We continue our fasting in exited anticipation until … The Easter Vigil, waiting and watching, starts after nightfall. This is the time, above all others, for us to recommit and dedicate ourselves again in faith. An Easter fire is lit, and lights up every thing around. From it, we light the Easter Candle. The Candle is solemnly carried into church as the sign of the Light of Christ which overcomes the darkness of sin and death. In that light we read the story of what God has done for us from the dawn of creation until today, in the scriptures. We all renew our faith, and our Baptism into the Risen Christ. And so we go forward together to share in the food and drink of Life. As we make our prayers and sing our praises, our hope is that the Holy Spirit will free in our lives the full power of Christ’s Rising from the Dead.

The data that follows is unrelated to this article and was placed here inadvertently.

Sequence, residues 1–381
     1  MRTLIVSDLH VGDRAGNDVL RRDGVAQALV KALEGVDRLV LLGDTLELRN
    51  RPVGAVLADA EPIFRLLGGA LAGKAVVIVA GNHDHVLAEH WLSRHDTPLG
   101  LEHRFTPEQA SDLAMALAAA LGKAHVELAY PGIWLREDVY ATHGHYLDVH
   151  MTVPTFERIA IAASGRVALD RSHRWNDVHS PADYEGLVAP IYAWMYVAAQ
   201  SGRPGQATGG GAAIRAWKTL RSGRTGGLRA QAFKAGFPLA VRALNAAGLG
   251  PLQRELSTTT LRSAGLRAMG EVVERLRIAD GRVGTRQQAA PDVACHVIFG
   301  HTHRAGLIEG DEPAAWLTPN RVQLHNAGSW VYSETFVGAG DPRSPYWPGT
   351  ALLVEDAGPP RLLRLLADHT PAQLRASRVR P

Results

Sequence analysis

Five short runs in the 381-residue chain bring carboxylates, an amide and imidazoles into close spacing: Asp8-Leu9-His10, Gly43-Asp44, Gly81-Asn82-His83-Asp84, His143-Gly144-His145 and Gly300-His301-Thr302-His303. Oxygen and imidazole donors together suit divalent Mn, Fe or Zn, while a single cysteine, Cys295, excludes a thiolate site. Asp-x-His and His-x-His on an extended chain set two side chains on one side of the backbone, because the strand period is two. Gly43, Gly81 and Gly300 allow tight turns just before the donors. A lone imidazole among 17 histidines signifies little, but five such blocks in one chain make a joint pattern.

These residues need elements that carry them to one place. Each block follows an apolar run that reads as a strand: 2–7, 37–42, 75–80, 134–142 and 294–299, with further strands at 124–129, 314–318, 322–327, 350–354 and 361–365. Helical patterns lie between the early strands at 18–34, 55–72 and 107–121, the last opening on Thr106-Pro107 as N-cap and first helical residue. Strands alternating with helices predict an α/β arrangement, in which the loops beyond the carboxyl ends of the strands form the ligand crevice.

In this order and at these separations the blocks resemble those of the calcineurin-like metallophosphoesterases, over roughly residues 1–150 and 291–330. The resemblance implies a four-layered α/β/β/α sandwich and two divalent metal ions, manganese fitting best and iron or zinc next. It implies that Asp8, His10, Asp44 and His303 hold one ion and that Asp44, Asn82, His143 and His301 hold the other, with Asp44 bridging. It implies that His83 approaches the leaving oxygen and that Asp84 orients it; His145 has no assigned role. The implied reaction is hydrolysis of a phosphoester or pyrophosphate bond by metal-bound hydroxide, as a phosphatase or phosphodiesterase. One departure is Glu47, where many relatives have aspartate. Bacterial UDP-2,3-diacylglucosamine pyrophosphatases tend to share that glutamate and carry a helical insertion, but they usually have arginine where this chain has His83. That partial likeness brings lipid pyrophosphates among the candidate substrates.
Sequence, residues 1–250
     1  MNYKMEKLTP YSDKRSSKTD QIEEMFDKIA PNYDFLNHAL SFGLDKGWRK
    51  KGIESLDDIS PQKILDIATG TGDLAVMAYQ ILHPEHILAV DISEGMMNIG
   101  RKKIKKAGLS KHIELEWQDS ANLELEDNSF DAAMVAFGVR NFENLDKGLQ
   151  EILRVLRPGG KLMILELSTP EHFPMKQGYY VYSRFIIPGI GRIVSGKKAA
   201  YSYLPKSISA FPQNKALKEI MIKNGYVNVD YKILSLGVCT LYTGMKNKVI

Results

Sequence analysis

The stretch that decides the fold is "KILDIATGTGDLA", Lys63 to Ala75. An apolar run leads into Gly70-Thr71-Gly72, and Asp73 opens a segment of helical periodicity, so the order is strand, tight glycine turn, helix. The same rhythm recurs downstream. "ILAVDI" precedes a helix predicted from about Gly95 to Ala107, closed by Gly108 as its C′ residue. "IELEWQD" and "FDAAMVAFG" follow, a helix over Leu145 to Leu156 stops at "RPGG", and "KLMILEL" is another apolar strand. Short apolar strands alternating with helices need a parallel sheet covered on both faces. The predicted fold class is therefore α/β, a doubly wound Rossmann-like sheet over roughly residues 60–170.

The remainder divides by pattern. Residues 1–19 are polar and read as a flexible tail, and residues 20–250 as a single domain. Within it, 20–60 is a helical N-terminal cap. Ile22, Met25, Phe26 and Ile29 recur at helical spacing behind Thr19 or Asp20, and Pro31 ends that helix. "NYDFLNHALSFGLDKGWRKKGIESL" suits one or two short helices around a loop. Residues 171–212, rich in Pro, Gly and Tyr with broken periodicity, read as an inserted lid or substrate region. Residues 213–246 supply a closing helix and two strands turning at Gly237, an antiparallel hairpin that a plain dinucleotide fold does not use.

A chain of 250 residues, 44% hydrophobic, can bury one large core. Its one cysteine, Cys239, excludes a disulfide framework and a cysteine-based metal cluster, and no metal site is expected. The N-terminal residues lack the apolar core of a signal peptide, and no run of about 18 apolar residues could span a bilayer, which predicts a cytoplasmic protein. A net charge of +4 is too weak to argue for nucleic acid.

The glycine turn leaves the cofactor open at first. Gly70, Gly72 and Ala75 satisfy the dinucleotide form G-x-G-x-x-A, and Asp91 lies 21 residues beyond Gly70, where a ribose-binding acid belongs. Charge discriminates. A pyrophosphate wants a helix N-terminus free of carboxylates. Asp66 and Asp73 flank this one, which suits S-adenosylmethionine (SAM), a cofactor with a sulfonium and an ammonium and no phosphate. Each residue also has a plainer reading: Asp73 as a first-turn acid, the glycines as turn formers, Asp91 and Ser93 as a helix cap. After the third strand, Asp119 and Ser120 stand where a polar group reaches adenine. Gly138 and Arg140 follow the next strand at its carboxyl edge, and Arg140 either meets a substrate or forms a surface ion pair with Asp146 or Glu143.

10.00 am – The Office of Readings and Morning Prayer of the Church
11.00 am – Blessing of Easter Baskets
8.30 pm – The Solemn Vigil and Mass of the Resurrection of Our Lord
On Good Friday Jesus Christ gave his life for us. Though innocent, by allowing himself to be a scapegoat he showed the depth of his love. His example of loving service shows us how we are to live too. A day of fasting and abstinence, in eager anticipation of Easter.
But if we just felt sad that our sin put him on the cross, then we would be missing the point. Good Friday is not meant to make us feel bad. On ‘Good’Friday we remember that we are sinners, but we also glory in the victory that Christ won over sin and death, to set us free. This is not a passion play, and we gather knowing that Christ rose from the dead. So even on Good Friday we rejoice in the triumph of good over evil.
10.00 am – The Office of Readings and Morning Prayer of the Church
12 noon – ‘Pop-up’ Stations, starting outside Morisons
3.00 pm – The Celebration of Our Lord’s Passion
7.00 pm – The Way of the Cross